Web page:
Brendan Rodgers is a spoilsport.
The first half of the Merseyside derby was one of the most breathlessly entertaining games of football in some time. Four goals inside the first 35 minutes, relentless attacking by both sides with defending an optional extra for much of the time, and then there was the added bonus of a hugely childish but enormously entertaining 'dive' celebration by Liverpool's Luis Suarez, right in front of Everton boss David Moyes.
And then, after the break, not a great deal of excitement. It was a trudge in the drizzle compared to a carefree dash along the seaside. Until injury time that is, when Liverpool were denied a perfectly good goal by an errant linesman's flag. Quite how he thought Suarez was offside is difficult to tell, and even the most fervent Liverpool critic must concede they were robbed this time. Perhaps Sebastian Coates fouled Phil Jagielka, but that was not the decision given by the official.
There was a reason for the transformation from blustering fun to controlled, erm, not-fun, and mainly that was down to the tactical switch by Liverpool manager Rodgers.
Whereas Roberto Mancini appears to often switch to a 3-5-2 this season for no good reason, Rodgers recognised the majority of Everton's threat was coming from their left, with the always-dangerous Leighton Baines combining with Kevin Mirallas, having perhaps his best game since arriving at Everton. One of the drawbacks to his 4-3-3 system is the midfield three tends to be fairly narrow, meaning Liverpool's full-backs can be exposed, and the inexperienced Andre Wisdom was given something of a chasing before the break.
At half-time, Rodgers changed from his standard set-up to a three-at-the-back in order to give Wisdom a little help. When it works, the right-sided centre-back can help the wing-back by doubling-up on the opposition's left-sided attackers, thus snuffing out the danger. And it worked this time, with Martin Skrtel giving first Wisdom, then Jordan Henderson a helping hand in preventing Baines and team-mates from providing such a threat from that flank.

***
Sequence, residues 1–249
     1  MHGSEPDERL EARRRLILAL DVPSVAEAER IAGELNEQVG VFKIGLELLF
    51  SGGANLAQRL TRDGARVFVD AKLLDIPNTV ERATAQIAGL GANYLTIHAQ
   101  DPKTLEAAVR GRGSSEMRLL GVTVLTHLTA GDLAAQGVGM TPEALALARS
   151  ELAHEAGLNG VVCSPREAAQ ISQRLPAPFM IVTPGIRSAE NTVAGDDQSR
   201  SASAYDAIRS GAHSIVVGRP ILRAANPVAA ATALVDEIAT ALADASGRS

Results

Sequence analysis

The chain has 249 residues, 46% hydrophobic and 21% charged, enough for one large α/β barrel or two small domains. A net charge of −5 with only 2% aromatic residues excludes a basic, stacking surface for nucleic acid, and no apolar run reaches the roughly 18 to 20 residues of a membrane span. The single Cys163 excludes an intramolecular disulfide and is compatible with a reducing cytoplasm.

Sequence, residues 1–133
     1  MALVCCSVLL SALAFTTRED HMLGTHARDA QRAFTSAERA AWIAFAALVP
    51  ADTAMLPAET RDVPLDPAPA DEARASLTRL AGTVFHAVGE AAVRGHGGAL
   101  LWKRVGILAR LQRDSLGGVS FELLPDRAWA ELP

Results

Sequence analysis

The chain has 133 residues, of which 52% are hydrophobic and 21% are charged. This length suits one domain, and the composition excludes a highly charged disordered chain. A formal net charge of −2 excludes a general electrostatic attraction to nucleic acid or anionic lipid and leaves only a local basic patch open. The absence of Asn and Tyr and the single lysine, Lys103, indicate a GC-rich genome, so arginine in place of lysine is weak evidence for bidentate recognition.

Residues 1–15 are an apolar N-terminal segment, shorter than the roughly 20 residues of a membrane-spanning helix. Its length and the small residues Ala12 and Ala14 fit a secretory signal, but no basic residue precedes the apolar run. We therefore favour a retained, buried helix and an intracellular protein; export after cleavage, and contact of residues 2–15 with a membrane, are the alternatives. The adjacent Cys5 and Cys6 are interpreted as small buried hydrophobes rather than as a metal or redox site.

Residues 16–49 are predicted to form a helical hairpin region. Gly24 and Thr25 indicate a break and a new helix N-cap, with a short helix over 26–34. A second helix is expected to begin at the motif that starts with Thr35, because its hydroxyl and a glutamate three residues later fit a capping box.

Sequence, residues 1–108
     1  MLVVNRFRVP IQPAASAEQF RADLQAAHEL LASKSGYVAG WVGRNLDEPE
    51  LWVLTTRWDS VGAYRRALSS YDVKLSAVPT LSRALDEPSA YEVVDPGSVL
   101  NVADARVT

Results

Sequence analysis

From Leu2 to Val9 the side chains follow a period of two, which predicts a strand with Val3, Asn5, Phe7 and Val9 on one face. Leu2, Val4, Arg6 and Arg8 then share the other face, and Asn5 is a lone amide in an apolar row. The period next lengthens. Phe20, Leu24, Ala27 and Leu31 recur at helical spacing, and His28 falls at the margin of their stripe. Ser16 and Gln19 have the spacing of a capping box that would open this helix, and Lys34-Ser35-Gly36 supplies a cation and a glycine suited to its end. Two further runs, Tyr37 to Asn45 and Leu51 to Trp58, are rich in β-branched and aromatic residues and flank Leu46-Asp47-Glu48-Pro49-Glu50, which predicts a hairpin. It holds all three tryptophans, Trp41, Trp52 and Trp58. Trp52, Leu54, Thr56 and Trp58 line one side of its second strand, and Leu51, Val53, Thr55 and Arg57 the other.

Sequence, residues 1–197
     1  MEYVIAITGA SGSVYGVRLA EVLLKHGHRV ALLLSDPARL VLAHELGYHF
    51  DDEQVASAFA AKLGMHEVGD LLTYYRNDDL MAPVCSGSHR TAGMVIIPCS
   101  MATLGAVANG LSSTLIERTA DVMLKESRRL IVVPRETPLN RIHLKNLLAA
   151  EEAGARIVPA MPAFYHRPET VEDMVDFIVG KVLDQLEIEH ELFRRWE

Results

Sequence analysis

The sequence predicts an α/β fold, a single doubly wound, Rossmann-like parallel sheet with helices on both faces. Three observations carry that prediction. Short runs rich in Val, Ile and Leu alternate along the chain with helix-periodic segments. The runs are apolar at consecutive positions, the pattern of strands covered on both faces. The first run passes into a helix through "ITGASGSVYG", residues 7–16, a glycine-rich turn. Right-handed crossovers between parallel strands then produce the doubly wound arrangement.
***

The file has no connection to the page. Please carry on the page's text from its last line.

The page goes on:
The removal of the poor Nuri Sahin (only 58 per cent of his 12 passes in the opening 45 minutes found their target) for the more physical presence and drive of Jonjo Shelvey was also a shrewd move.
Of course, it helped a great deal that Mirallas, probably Everton's best player in the first half, went off at the break (one assumes because of an injury), replaced by the ineffectual Magaye Gueye. Sebastian Coates, brought on to play in the middle of the three-man defence, also had a more straightforward job, because he really only had Nikica Jelavic to deal with - Marouane Fellaini had an anonymous game, largely because he did not look fit.
Plenty has been written about the 'philosophy' Rodgers is trying to instil at Liverpool, but this game should reassure their fans their manager has a pragmatic side. He will try to win playing pretty, passing football, but he can recognise when his team is under threat and he has a Plan B, too - perhaps more importantly, he knows when it is appropriate to change.
So Brendan, you rather spoiled our afternoon of fun. Hats off.
This article first appeared on football365.com